I'm hoping you'll forgive the political underpinnings of this story, but I found it too fascinating to pass up. Shankar Vedantam is an excellent writer at The Washington Post, and he writes about the mindâ€”how it works and why it works the way it does.
Yesterday, his story "Bush and Counterfactual Confidence" has insights that reach far beyond his narrow subject of political decision making. Counterfactual thinking is something that probably everybody does at least a little bit. You make a decision to change something, and as you look back at that decision later, you tell yourself it was a good decision because the world would most assuredly be worse if you had done nothing. The thing is, that's the mind rationalizing the decision, you don'tâ€”you can't, actuallyâ€”know if the alternate future you imagine would have come to pass as exactly as you imagined it.
Vedantam uses Bush as the example, but it's easy to leave the hot potato world of politics out of it. Let's look at an example closer to home. Three years ago ASAE and its related organizations and The Center for Association Leadership and its related organizations merged. Playing the part of the optimist, I could use counterfactual thinking to imagine a world where ASAE and The Center continued on a competitive path until they bludgeoned each other so completely that neither was successful and the association sector as a whole suffered. I would then say that the decision to merge was obviously good.
Here's the thing that Vedantam points out about counterfactualsâ€”while they sound nice and logical in our heads, all they really do is confirm our preconceived notions. I could just as easily take the pessimistic view and say ASAE and The Center competition would have led to the creative, forward-thinking programming as each side tried to one-up the other, and the sector as a whole would have been much better off without the merger.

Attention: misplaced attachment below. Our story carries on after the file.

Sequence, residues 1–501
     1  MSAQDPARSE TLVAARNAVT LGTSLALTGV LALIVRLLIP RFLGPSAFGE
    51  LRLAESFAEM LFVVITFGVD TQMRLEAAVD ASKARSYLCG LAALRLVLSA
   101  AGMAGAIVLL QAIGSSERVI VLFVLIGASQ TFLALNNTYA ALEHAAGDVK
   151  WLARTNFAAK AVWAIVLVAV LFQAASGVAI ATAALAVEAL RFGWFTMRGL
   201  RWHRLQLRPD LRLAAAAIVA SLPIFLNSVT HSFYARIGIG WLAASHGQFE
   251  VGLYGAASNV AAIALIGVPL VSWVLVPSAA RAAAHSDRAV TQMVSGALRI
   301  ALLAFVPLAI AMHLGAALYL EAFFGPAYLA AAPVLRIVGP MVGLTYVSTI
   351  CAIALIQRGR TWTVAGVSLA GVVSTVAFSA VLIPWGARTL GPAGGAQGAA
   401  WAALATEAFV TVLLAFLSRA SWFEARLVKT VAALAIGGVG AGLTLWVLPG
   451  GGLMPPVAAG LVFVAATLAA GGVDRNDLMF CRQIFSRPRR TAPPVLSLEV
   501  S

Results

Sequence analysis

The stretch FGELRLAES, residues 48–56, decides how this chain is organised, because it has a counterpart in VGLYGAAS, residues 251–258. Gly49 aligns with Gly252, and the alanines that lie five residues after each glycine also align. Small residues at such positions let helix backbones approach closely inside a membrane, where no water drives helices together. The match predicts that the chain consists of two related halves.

Why is this interesting at all? For one thing, I think it's important to realize why we're dreaming up the alternative universes that we doâ€”we're doing it because we want to validate or invalidate a point we already want to make. In addition, there is some research on tendencies that Vedantam reports. One finding is that people who tend to engage in counterfactual thinking are actually worse at predicting future events than people who resist counterfactual thinking. Another is that people who use counterfactual thinking when analyzing decisions tend to make decisions that take them to the extremeâ€”either extremely good or extremely badâ€”while others tend to make decisions where the rewards aren't as great, but the risks aren't as high either.
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